Norma Hatfield had to read the budget line twice Tuesday night to make sure she saw it correctly.
Gov. Matt Bevin’s budget proposal set aside money for Kinship Care, which provides financial assistance to relatives raising a child not their own. The program ended in 2013, and Hatfield has long advocated for its return.
“I don’t even know words to describe how I feel,” said Hatfield, who has been raising her granddaughter for three years. “This is huge that there’s already a budget line in.”
The budget proposal includes $10.8 million in new funding for adoption and foster children support and $34 million in new funding from tobacco settlement money to fight the opioid epidemic and substance abuse. Additionally, the budget has an additional $24 million to add positions and increase salaries for state social workers.
Hatfield sees the issues as related.
“We have taken care of those affected (by the opioid epidemic) while we try to fix the problem,” she said.
The proposal appropriates $1.8 million for fiscal year 2018 and $3.3 million for fiscal year 2019 and lifts the moratorium on Kinship Care. When the program ended in 2013, relatives received about $300 a month.
State Sen. Dennis Parrett, D-Elizabethtown, has sponsored a bill that also would bring back Kinship Care.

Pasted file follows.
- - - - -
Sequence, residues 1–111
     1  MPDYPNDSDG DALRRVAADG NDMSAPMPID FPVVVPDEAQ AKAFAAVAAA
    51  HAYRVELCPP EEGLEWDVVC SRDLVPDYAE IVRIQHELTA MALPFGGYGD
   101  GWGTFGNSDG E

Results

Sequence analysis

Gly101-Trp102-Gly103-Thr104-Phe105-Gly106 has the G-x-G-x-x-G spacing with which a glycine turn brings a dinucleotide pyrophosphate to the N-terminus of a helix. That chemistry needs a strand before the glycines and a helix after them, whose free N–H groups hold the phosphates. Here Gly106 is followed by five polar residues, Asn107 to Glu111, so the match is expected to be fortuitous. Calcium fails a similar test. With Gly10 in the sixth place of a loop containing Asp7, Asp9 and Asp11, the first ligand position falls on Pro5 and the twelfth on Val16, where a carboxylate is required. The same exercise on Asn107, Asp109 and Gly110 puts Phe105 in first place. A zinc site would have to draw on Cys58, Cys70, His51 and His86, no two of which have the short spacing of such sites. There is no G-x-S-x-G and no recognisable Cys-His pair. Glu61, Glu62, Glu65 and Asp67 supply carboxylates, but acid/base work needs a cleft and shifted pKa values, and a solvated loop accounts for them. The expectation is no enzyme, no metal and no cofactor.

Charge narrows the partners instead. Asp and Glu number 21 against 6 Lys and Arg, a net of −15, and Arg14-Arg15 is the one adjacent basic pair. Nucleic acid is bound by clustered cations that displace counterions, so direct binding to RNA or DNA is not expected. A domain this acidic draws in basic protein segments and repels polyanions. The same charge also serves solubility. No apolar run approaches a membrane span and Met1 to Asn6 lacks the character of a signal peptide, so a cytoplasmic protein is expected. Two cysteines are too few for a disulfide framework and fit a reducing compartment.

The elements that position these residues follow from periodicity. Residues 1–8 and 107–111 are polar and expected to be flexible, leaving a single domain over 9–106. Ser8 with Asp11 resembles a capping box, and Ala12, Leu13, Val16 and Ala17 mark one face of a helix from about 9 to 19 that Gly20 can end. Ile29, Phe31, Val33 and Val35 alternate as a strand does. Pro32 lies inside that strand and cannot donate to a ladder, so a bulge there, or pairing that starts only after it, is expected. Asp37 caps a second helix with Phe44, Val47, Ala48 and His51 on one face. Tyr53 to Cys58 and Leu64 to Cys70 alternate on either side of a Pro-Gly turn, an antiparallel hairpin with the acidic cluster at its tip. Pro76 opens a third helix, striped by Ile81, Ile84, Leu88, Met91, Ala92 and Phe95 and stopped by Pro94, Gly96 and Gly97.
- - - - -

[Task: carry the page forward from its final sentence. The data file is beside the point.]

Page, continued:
He said he didn’t know the program was going to be included in the budget proposal.
“I’m certainly elated,” he said.
Parrett said he’s going to keep Senate Bill 31 in the works because the budget first has to be approved.
He said having Kinship Care included in the budget proposal is “an important step.”
In the state, about 428 children in foster care have been placed with a relative. In the Salt River region, which includes Hardin County, 104 children have been placed with a relative.
Hatfield said she still has questions about the program’s implementation and who will receive assistance, but she’s glad to see the state is planning to do something for the families.
“I’m grateful the governor did that,” she said.
Hatfield said she’s going to continue lobbying legislators to support the program. Parrett’s bill has five other sponsors and has been referred to the Health and Welfare Committee.
“We’re so close,” she said.